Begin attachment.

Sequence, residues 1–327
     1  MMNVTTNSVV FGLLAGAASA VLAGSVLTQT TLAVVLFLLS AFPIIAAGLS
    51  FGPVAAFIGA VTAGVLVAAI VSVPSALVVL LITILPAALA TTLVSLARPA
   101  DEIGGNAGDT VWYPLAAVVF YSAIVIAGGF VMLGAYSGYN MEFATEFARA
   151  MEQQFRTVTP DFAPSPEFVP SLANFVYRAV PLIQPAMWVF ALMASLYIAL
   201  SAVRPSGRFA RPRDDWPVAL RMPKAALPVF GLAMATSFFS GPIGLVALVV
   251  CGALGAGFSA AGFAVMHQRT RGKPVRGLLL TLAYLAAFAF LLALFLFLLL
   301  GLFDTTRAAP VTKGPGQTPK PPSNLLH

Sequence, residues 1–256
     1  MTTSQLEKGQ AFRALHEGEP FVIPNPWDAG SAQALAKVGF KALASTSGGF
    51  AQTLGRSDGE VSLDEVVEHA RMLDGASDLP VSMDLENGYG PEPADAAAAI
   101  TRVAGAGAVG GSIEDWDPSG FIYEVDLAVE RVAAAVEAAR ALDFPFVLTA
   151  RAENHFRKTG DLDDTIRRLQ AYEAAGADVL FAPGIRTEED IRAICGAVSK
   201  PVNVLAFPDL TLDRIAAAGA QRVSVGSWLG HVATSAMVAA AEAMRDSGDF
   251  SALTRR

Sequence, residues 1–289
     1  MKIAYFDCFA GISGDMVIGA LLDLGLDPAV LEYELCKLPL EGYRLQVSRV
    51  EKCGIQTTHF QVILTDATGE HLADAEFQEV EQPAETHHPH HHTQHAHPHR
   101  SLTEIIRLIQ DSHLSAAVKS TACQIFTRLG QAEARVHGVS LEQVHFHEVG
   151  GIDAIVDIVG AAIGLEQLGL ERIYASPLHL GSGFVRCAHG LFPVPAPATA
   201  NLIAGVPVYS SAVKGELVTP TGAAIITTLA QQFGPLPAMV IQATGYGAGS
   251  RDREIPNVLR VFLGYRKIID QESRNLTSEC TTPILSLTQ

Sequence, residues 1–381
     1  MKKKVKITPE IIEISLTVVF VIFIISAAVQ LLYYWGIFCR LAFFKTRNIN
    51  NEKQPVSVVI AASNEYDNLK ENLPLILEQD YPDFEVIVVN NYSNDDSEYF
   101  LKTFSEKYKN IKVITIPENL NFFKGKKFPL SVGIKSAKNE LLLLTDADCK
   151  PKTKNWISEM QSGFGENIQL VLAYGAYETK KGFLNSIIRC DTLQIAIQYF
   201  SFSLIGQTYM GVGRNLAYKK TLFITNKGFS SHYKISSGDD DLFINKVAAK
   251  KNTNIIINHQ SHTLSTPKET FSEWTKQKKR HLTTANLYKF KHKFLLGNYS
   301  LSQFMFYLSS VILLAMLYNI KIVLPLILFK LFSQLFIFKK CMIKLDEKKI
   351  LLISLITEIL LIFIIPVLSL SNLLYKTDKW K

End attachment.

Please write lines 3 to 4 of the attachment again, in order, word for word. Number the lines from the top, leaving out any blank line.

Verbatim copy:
    51  FGPVAAFIGA VTAGVLVAAI VSVPSALVVL LITILPAALA TTLVSLARPA
   101  DEIGGNAGDT VWYPLAAVVF YSAIVIAGGF VMLGAYSGYN MEFATEFARA